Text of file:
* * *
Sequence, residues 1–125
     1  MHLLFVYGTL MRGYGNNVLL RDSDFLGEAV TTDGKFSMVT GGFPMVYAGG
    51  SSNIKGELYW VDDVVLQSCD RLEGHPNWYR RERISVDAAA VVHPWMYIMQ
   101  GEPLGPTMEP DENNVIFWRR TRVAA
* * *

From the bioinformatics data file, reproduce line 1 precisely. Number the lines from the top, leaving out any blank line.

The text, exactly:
Sequence, residues 1–125